South Africa

South Africa

Taxi operators issue demands – and warnings – to absent transport minister

Taxi operators issue demands – and warnings – to absent transport minister

The National Taxi Alliance has reminded Minister of Transport Joe Maswanganyi that he is just a servant of the citizens. By ORATENG LEPODISE.

“Joe is not our boss, he is our servant; instead of being grateful for the privilege to serve he is being boastful,” said Mohanoa Francis Matsitsa, the president of the National Taxi Alliance (NTA) during a protest by taxi drivers in Pretoria on Wednesday.

On Wednesday the NTA embarked on a national protest, bringing Pretoria to a standstill and leaving thousands of commuters with no means of transport.

“This is so frustrating. I have to pay more than what I pay to get to work, because they were no operating taxis. I had to use an Uber which charged me ridiculous amounts of money,” said Portia Matlala, a commuter who relies on taxis for transportation.

The NTA, which represents the drivers and owners, warned Maswanganyi to stop playing games with them. “They need to be reminded of what money does, it destroys people like it did with Judas; he shall reap the consequences of his actions,” said Matsitsa.

The NTA accused the minister of failing to deal with issues affecting the taxi industry as they had raised their grievances numerous times before to the minister.

This protest follows one that took place in August where taxi drivers brought the capital city to a standstill. At that time they made their way to Tshwane House to deliver their memorandum with the same demands. The initial protest was cancelled in October after the NTA adhered to the minister’s request to hold negotiations with the taxi industry.

The NTA accused the minister of playing games. “We are not going anywhere. You can hope and wish that the taxi industry will disappear but we will never disappear,” said Matsitsa.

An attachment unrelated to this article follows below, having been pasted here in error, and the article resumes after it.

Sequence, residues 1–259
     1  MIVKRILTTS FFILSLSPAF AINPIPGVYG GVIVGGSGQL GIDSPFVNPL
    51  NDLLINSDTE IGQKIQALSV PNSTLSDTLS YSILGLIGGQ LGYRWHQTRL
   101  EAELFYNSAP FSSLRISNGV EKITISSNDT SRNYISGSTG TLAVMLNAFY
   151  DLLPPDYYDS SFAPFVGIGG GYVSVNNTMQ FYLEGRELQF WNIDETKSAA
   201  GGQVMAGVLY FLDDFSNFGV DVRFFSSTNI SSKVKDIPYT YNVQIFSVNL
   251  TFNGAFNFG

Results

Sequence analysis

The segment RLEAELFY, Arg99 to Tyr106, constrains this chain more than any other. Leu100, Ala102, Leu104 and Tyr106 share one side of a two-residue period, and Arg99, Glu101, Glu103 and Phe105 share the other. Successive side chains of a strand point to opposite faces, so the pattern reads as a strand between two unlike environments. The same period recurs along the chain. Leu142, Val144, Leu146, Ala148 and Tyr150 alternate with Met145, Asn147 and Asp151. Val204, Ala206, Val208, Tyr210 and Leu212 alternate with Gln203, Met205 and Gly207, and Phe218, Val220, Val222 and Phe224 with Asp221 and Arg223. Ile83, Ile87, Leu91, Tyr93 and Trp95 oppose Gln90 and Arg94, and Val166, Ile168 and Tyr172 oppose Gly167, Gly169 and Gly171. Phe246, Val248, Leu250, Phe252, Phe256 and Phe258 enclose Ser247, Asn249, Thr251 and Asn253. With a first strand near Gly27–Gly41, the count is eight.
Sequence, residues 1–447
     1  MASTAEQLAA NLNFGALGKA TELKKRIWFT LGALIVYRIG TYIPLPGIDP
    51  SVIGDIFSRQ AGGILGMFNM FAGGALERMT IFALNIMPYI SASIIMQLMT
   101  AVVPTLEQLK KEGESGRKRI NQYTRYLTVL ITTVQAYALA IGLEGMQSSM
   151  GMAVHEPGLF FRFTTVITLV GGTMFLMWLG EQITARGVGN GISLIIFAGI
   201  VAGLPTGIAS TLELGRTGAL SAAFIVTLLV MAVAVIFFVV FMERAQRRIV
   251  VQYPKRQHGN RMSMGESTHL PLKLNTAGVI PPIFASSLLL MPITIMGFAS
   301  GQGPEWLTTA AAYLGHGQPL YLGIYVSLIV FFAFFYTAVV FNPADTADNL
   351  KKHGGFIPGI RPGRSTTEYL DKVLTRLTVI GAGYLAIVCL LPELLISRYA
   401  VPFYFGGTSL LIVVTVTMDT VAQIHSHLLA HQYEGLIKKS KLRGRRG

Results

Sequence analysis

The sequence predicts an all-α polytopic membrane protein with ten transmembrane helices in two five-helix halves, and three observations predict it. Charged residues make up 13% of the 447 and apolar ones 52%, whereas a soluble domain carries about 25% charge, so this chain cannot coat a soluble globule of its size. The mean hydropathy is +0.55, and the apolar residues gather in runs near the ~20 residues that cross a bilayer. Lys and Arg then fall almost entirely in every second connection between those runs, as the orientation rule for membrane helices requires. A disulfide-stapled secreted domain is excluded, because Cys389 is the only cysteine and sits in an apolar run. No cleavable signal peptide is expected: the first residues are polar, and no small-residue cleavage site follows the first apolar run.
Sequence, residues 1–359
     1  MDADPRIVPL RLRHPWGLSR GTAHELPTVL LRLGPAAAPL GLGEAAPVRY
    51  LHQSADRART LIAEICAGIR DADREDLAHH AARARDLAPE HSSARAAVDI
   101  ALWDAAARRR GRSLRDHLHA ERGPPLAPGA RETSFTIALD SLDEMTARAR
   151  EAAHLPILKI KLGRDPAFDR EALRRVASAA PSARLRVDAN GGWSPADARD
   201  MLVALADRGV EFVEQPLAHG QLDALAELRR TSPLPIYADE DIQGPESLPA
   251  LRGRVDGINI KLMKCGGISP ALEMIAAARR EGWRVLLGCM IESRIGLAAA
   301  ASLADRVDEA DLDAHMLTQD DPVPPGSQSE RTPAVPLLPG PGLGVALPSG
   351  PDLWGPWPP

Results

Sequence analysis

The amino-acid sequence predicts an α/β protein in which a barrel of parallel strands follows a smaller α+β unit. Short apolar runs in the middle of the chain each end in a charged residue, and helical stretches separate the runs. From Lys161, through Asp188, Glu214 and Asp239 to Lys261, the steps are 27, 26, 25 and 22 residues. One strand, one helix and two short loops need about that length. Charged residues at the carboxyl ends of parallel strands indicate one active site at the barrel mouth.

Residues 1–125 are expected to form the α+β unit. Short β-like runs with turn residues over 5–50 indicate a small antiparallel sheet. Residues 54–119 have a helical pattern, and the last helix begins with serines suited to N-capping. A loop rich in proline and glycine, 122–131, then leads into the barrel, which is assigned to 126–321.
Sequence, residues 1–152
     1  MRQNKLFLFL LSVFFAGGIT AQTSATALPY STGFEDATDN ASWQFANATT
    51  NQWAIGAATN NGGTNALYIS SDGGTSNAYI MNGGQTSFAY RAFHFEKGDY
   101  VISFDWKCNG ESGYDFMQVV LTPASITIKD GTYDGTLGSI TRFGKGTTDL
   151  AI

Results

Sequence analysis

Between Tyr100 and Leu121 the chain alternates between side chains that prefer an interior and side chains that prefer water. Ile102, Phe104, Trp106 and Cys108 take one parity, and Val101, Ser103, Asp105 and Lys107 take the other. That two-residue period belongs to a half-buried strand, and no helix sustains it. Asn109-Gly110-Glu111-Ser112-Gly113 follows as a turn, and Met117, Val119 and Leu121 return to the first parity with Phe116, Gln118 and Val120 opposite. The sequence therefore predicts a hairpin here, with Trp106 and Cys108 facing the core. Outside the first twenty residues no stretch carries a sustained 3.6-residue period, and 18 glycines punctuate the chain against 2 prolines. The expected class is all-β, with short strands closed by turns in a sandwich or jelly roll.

The NTA assured Maswanganyi that this was not a threat. “You will regret the day you ignored the NTA. All of them [referring to previous transport ministers] have been fired in their numbers, you will also face the same thing,” Matsitsa said.

In their 40-page memorandum, the taxi associations demands were, but not limited to:

  • ? Law infringement tickets to be scrapped;
  • ? To get the same tenders bus operators get for transportation of commuters;
  • ? To get free advertising at their taxi ranks;
  • ? Upgraded ranks that are proper for humans;
  • ? Taxis to be allowed to use designated public transport lanes;
  • ? Increase in scrapping of minibus allowance to over R150,000.

“I feel as though the taxi owners are selfish; they only mentioned the issue of tickets which is the only issue that affect us drivers. Other demands are to suit them as taxi owner,” said Mxolisi Rakgalakane, chairperson of the Menlyn Taxi Association.

“The taxi industry is flourishing because of us taxi drivers, our owners should at least create short courses for drivers so that if the taxi industry ends they can have means of creating an income,” said Rakgalakane.

The protesters called on President Jacob Zuma to fire Maswanganyi. The strike ended at the Union Buildings after Mandla Feni from the Presidency accepted the NTA’s memorandum.

“You are not only killing the taxi industry but you are killing our children and we shall not allow that, you will only do that on our death beds,” Masitsa stated.

“Our challenges have been put to many ministers that came to the Department of Transport, and they have failed to address these issues adequately,’ said Theo Malala, spokesperson for the NTA.

The NTA gave the department 21 days to respond.

Accepting the memorandum on behalf of Maswanganyi was Ishmael Mnisi, the Department of Transport’s spokesperson. “I would like to apologise on behalf of the minister who is not here. Wednesdays are Cabinet days and he is in the Cabinet in Cape Town, we have received the memorandum and will make sure the minister receives it tonight. We have noted the most important things in the memorandum and the days to respond, we will also in the same vein send the demands to municipalities and provinces so that they can respond,” said Mnisi upon receiving the memorandum.

“We are not happy because the minister was not here to accept the memorandum,” said Puleng Moloi, a taxi owner.

“We have issued countless memorandums and have given Maswanganyi an ultimate – if there is no response within 21 days we will decide on further steps to take.”

The taxi industry is the biggest transport sector in Pretoria, transporting approximately 70% of locals daily.

The strike on Wednesday was spoiled by intimidation of motorists and blocking of roads by the protesting drivers which led to stun grenades being fired by police on the intersection of Paul Kruger and Bloed to get the protesters to clear the road.

“The second and subsequent phases will be following, and finally if all fails we are going to end up in the highest court in this land,” warned Masitsa. DM

Photo: National Taxi Alliance gather outside the National department of transport to deliver a memorandum of demands. Photo: Orateng Lepodise.


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